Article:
The manchette is a transient microtubule structure in elongating spermatids that function in shaping the sperm head and delivering proteins for tail elongation. The precise details of how these critical roles remain largely unknown.
Materials and Methods
A random N-ethyl-N-nitrosourea (ENU) mouse mutagenesis screen identified and isolated several novel mouse strains with abnormal spermatogenesis. Mapping and sequencing identified mutations on specific protein coding genes. Yeast two Hybrid assay revealed the new possible binding partners, which were confirmed by immunoprecipitation and immunochemistry.
Results and discussion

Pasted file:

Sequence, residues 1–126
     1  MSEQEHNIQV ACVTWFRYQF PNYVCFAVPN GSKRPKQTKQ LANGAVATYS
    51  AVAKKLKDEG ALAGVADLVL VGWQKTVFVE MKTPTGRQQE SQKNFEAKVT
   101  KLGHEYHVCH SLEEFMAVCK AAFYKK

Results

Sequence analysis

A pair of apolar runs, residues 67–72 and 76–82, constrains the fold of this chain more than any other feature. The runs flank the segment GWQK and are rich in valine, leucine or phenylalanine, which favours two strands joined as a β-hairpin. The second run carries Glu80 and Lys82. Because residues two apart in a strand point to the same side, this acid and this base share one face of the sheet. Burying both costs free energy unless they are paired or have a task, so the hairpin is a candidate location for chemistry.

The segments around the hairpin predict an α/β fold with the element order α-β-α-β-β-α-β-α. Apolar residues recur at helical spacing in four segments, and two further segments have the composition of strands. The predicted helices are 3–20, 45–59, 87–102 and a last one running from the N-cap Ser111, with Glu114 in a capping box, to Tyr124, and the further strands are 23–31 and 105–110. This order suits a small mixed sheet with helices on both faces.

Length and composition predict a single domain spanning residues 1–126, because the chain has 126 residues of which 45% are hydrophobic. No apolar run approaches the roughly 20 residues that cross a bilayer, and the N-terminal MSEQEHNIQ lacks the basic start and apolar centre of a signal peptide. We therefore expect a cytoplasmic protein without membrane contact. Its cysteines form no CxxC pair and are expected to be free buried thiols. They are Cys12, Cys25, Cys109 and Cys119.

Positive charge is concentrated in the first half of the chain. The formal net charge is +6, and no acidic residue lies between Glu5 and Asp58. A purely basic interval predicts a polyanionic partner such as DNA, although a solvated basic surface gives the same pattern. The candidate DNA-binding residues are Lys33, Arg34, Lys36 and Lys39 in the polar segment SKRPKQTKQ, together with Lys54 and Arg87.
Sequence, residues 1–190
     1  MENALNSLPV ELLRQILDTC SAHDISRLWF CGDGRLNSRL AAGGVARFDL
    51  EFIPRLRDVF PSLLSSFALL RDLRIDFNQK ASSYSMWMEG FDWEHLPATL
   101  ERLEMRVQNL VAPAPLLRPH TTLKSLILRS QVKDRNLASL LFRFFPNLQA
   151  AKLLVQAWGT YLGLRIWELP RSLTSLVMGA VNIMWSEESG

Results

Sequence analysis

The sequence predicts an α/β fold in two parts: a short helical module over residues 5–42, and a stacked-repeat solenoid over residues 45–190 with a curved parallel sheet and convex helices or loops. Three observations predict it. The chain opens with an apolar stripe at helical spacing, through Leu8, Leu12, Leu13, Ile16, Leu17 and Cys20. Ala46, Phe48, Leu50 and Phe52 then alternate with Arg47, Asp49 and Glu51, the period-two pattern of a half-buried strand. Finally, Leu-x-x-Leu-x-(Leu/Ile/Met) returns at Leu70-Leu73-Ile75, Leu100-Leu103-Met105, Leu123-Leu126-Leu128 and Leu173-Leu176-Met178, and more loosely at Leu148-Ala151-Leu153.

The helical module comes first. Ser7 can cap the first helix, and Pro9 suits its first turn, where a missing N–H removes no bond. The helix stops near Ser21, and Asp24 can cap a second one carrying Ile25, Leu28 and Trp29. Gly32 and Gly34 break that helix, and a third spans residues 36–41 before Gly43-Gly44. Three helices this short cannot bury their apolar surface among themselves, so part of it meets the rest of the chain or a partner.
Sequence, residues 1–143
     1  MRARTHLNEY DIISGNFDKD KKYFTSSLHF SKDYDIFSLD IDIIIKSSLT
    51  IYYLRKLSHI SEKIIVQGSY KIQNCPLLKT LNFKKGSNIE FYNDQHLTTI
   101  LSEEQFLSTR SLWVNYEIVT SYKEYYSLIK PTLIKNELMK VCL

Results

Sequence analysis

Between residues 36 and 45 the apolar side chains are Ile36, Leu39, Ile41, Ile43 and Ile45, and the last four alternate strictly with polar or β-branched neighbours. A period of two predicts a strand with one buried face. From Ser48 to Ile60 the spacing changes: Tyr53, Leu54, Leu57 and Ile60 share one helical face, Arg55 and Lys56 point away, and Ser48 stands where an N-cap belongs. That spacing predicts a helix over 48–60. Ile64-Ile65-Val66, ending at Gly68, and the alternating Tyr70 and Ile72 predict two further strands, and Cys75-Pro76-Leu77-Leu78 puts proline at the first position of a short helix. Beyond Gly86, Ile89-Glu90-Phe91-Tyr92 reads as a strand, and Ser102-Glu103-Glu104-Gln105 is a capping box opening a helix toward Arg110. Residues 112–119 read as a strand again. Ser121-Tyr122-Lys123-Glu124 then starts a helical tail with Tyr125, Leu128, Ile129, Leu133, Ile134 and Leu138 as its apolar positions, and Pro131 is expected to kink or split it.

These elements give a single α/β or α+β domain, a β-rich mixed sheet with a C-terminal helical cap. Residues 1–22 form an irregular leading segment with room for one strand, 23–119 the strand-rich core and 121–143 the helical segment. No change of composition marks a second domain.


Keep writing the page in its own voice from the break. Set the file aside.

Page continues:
One of the mouse models with abnormal phenotype in spermatogenesis was named Kaos mice, which carry the mutation of R528stop in a previously uncharacterized gene, Lrguk1 (leucine-rich repeats and guanylate kinase domain contain). They showed intriguing abnormalities in acrosome attachment, sperm head shaping and the initiation of the axoneme growth, indicating LRGUK1 is critical for manchette functions, such as nuclear shaping and intra-manchette transportation (IMT) i.e. the transport of proteins and vesicles along the microtubules of the manchette. We found that LRGUK1 can binds to all Hook family proteins, RIMBP3, and Kinesin light chain3 (Klc3), all of which are associated with intracellular protein transport as cargo adaptor proteins or motor protein, and are localized to the manchette. They form a multiprotein complex in the manchette of spermatids. LRUGK1 consists of 3 domains, one of which guanylate kinase domain at C terminal is critical for binding to HOOK2 and RIMBP3. These findings suggest the requirement of LRGUK1 for manchette function, especially in intracellular protein transportation and the initiation of sperm tail grown. These data raise the possibility that LRGUK1 dysfunction contributes to the most common male infertility phenotype, oligoasthenoteratozoospermia.